"It's pretty good for device drivers and graphics libraries and other low level stuff."
If I need to write something that has to manipulate data as quickly as possible, I'd opt for C++ and all of the wonderful memory control it provides; if I need a GUI or high-level RESTful web service (etc.), I'd go for Java or C# depending on any existing infrastructure.
My time is money, as is the time of the people that need to maintain my code in future, and C++ just costs more of both.
Sod the "best" arguments, the purpose of a programming language is to abstract away the problems you don't need to solve for your current work. If memory efficiency isn't important, why include it within your current solution when you could spend the time on other things?
That's the reason I don't do assembly at work, anyway. YMMV.
Re: C# is dead
"But of course, you need professionals to work with a professional system, and MS did everything in its power over the last 2-3 decades to de-professionalize the programming world."
As someone who moved through C++, Java, and into .NET, I actually agree with you.
I have a real problem trying to hire people who know/care what .NET is and how the CLR works, even at a high level.
A GC is not some black magic that you should assume will do its job correctly, nor is the JIT. You need some understanding of what happens at run time in order to understand what tools are suited to what tasks. /rant
That aside, anyone who "manually builds an installer from their local workstations" is in the wrong role or has their hands tied by a manager who is in the wrong role (I've been there).
.NET has had brilliant CI and packaging tools for a long time (my current personal favourite being TeamCity), as well as NuGet, which can save hours, in the right hands.
Re: C# is dead
Ignoring that you've gone from "C# is a rip off of Java" to ".NET [...], just like Java" (which isn't the same thing):
So you also believe that Java rips off UCSD Pascal, since that uses a VM for each process? Or that C++ rips off C?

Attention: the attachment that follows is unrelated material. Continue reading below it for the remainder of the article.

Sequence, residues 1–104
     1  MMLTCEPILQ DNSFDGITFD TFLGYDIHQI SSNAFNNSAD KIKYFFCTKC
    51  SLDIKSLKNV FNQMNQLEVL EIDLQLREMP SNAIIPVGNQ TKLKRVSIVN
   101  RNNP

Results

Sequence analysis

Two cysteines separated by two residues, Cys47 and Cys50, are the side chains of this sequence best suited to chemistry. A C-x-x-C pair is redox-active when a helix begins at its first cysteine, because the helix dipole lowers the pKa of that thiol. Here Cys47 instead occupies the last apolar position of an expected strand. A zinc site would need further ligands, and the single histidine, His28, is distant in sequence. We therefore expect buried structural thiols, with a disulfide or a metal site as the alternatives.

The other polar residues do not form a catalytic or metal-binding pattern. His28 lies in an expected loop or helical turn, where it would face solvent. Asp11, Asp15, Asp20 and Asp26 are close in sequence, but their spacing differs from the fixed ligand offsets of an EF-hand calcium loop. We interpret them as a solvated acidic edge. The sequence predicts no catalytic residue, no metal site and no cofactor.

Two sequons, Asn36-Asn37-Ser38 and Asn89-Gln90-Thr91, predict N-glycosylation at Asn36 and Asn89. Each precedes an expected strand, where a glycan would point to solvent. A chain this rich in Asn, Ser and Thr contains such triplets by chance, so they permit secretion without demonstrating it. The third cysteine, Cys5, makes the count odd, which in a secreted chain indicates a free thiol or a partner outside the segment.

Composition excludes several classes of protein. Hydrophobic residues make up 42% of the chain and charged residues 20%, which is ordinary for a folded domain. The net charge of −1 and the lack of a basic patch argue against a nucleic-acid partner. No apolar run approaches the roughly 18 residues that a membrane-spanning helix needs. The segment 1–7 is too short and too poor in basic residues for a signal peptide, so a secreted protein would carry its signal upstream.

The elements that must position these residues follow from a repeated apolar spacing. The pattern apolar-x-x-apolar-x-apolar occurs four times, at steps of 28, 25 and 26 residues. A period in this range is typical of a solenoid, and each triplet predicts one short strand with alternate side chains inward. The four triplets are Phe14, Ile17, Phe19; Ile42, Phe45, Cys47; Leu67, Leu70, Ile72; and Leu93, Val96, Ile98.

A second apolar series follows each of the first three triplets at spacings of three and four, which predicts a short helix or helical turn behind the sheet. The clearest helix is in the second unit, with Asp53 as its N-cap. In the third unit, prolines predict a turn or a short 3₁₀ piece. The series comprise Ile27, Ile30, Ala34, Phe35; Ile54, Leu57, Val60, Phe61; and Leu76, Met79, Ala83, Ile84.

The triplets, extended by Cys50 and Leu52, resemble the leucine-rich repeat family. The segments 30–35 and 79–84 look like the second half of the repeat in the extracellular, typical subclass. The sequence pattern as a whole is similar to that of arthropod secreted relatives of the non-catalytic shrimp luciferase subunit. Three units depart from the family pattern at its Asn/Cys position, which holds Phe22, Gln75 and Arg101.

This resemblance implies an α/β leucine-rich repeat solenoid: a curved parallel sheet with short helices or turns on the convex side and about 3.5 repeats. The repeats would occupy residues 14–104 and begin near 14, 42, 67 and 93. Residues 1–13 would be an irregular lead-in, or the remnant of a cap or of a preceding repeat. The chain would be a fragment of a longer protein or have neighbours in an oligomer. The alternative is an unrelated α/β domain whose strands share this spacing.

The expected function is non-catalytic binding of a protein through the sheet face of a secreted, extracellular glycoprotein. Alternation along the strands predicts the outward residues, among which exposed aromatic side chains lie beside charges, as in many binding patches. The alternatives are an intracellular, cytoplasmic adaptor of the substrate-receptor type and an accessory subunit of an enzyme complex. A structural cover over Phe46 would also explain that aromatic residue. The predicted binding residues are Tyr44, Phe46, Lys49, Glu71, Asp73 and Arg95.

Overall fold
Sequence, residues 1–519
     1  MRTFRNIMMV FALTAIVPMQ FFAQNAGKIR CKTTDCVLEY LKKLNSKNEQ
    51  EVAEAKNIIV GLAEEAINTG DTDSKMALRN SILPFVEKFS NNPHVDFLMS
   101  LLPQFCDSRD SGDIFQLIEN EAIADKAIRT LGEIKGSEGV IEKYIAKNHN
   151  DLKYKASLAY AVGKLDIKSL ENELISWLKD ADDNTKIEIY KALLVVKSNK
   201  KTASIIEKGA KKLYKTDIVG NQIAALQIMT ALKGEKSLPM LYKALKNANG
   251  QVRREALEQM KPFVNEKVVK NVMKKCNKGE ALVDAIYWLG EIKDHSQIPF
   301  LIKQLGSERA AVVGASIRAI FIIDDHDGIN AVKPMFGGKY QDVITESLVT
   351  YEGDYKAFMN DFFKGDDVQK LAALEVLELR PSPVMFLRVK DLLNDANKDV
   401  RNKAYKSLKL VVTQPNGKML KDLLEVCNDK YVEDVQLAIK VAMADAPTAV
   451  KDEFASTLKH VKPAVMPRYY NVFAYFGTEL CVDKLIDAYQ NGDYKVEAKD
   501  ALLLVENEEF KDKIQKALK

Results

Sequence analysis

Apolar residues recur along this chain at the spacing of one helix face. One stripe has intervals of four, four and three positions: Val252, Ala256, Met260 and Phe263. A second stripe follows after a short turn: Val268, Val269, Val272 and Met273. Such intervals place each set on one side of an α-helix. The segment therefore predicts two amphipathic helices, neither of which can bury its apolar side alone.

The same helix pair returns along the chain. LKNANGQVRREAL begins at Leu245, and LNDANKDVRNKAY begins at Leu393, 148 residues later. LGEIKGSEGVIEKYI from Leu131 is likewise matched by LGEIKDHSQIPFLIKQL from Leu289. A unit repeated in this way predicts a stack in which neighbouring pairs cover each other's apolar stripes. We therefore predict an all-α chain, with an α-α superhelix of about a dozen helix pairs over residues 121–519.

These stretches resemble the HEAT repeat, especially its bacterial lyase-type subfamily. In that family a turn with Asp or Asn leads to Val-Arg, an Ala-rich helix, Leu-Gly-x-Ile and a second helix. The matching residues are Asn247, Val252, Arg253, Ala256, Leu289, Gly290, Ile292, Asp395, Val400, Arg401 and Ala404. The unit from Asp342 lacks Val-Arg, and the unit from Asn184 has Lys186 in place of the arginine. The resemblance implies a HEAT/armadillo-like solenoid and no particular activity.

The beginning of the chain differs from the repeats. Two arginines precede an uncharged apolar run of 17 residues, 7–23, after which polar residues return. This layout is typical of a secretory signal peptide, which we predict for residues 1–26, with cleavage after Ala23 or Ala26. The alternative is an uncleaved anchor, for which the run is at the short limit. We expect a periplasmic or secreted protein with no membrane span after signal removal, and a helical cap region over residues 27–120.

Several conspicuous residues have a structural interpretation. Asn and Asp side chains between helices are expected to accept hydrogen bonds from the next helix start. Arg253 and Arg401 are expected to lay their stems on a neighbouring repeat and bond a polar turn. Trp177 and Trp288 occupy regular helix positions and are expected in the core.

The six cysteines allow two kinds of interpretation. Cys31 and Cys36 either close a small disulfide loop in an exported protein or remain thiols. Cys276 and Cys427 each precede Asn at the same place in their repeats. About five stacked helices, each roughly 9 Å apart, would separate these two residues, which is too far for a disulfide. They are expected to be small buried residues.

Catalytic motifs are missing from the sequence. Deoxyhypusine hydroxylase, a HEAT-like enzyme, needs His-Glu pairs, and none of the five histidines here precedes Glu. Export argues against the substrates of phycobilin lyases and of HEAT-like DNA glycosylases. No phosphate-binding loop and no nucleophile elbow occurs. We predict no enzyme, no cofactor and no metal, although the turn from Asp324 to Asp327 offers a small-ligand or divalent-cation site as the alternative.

I completely agree that C# is an evolution of Java (which is being strangled to death by Oracle), but Anders thingamy (could look it up) was a major Pascal/Delphi guy, and there's a lot of those languages in (ignoring syntax) C# and .NET as a whole.
Also, check out NGEN, which does compile .NET to a "native binary".
Re: C# is dead
"C# was a rip off of Java anyway"
Except that... it wasn't. Sure, there are a lot of similarities to is, but that's like saying Java is a rip off of C++.
C# has many influences in it (including Java), but it also had things like autoboxing, "foreach" iteration, and generics long before Java (no thanks to Oracle).
On top of that, it has many features that Java still lacks entirely, then ot least of which is a well-defined Date/Time API.
I'm a Java, C#, and C++ developer. Each language has strong and weak areas (productivity, expert cost, and maintainability included), but saying C# ripped anything off is doing a massive disservice to the team that designed it.
Also, you can call C# a dead language as much as you want, but check the job listings for greenfield projects. Maybe London is unique in the world, but I have more work requests for my team doing C# than any other language.
Re: Has anyone stopped to consider ...
I think you can drop the "sub-" bit. All of the red tops have been known to create sensational stories on the barest of rumours; it's just the careful wording that (usual) keeps them from libel, but enough readers take it as fact to be an issue.
Re: The joys of open software
I know you're a troll but... "Every major release changes everything all over again"